By Chris King • 10 November 2020 • 22:52
FA Chairman Greg Clarke has resigned from his post after using the term “coloured footballers” during a meeting with MPs.
FA Chairman Greg Clarke has resigned from his post after being forced to apologize for using the term “coloured footballers”, whilst appearing before the Digital, Culture, Media, Sports committee on Tuesday 10th November, where they were to discuss what could be done within the English FA, with regards to possible financial rescue packages that could be given by the Premier League to aid the struggling EFL, plus to talk about Greg’s involvement with the recent Project Big Picture revelations.
Mr. Clarke also faced criticism for saying, “If you go to the IT department at the FA there’s a lot more South Asians than there are Afro Caribbeans. They have different career interests.” Clarke also caused outrage by saying being gay is a life-choice”, over which he received a backlash from Kick It Out and LGBT charity Stonewall, as well as the general football community, leading him to resign from his position as FA chairman, later on, Tuesday 10th November.
There will now, of course, be the process by the FA board, of identifying and appointing a new chairman, but for now, Peter McCormick will act as the interim chairman.
Commenting on his resignation, Greg Clark said, “As a person who loves football and has given decades of service to our game, it is right that I put the interests of football first.
2020 has been a challenging year and I have been actively considering standing down for some time to make way for a new Chair now our CEO transition is complete and excellent executive leadership under Mark Bullingham is established”.
He added, “My unacceptable words in front of Parliament were a disservice to our game and to those who watch, play, referee and administer it. This has crystallised my resolve to move on. I am deeply saddened that I have offended those diverse communities in football that I and others worked so hard to include”, continuing, “I would like to thank my friends and colleagues in the game for the wisdom and counsel they have shared over the years and resign from the FA with immediate effect”.
Chairman of Kick It Out, Sanjay Bhandari, said, “I was extremely disappointed to hear Greg Clarke’s comments today in the DCMS select committee. His use of outdated language to describe black and Asian people as ‘coloured’ is from decades ago and should remain consigned to the dustbin of history”.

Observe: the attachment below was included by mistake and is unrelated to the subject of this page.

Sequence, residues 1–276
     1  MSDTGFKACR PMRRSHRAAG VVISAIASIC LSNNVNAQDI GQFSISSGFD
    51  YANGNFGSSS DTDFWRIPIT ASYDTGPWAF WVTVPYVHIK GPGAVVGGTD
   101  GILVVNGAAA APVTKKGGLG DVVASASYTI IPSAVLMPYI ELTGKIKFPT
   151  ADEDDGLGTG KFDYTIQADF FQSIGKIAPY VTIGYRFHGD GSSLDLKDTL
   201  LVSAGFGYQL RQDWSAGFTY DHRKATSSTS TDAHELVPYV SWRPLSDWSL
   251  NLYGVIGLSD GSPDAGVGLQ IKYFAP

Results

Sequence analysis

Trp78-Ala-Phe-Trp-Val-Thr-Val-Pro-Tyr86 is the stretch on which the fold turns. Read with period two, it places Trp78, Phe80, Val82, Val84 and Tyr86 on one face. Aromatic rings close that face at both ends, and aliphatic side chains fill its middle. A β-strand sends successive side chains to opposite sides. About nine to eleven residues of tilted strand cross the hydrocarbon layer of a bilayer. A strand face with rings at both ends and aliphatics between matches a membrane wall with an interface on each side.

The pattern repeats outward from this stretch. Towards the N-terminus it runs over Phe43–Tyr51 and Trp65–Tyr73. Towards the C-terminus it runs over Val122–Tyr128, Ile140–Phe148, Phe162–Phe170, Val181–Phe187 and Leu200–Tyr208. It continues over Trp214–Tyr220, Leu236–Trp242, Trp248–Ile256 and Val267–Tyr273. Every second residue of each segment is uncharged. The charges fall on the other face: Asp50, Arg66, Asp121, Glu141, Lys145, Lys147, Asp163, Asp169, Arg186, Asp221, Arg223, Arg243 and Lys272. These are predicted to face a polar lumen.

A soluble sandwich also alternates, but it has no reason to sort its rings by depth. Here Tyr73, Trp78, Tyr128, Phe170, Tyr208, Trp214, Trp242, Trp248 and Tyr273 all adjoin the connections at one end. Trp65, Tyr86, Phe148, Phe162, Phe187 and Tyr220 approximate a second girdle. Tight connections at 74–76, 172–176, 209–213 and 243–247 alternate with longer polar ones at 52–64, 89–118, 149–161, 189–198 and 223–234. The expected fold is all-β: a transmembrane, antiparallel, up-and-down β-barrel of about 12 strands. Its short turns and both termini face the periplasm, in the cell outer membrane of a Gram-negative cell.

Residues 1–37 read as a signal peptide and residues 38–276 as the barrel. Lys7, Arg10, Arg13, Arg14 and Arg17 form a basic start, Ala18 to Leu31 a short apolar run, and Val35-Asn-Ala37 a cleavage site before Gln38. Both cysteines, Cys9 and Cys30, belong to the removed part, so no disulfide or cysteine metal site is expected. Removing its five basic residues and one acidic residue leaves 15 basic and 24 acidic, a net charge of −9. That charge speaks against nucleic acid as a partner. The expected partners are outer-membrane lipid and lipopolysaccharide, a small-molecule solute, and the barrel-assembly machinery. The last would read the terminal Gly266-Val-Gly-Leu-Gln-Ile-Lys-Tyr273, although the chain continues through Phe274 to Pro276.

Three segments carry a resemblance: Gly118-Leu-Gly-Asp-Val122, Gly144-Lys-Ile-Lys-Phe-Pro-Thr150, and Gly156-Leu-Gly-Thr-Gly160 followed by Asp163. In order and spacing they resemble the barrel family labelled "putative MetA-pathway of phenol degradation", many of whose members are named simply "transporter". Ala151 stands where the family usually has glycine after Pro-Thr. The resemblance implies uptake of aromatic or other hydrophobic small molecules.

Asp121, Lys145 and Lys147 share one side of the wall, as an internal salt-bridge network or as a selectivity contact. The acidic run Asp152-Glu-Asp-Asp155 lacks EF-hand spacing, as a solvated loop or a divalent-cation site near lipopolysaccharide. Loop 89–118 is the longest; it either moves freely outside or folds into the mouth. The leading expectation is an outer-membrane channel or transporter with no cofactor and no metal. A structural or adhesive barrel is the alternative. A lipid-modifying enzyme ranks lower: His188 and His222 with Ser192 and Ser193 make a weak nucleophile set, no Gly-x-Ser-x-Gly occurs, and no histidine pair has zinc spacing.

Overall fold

Mr Bhandari added, “Being gay is not a ‘life choice’ as he claimed too. The casual sexism of saying ‘girls’ do not like balls hit at them hard, is staggering from anyone, let alone the leader of our national game. It is completely unacceptable”.
There was also criticism levelled at Greg Clarke by anti-discrimination campaigner Piara Powar, who tweeted, “I like Greg Clarke, I think he’s quite genuine, but why does he talk such bollocks? This stuff about ‘coloured’ players and Asians in the IT department. It’s inaccurate and insulting”.
Stonewall’s Associate Director of Community Engagement, Maria Munir, stated, “The language we use matters, which is why it’s a shame Greg Clarke used such a harmful phrase like ‘life choice’ to describe being gay. It was also deeply upsetting to hear the archaic words and stereotypes he used to describe Black and Asian people, along with sexist stereotypes about players from the women’s game. We hope Greg Clarke and the FA will swiftly apologise for his comments like they did for the words he used to refer to Black and Asian players today.
This highlights how much more there is to do before football is everyone’s game. Words have an impact, they influence the way that people are treated on a personal level, as well as the institutional opportunities that are available to sportspeople. We’d encourage Greg Clarke to listen to and learn from all marginalised people, so we can work towards a world where everyone is accepted without exception”.
An FA spokesman said, “Greg Clarke is deeply apologetic for the language he used to reference members of the ethnic minority community during the select committee hearing today. He acknowledged that using the term ‘coloured’ is not appropriate and wholeheartedly apologised during the hearing.”
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Originally from Wales, Chris spent years on the Costa del Sol before moving to the Algarve where he is a web reporter for The Euro Weekly News covering international and Spanish national news.
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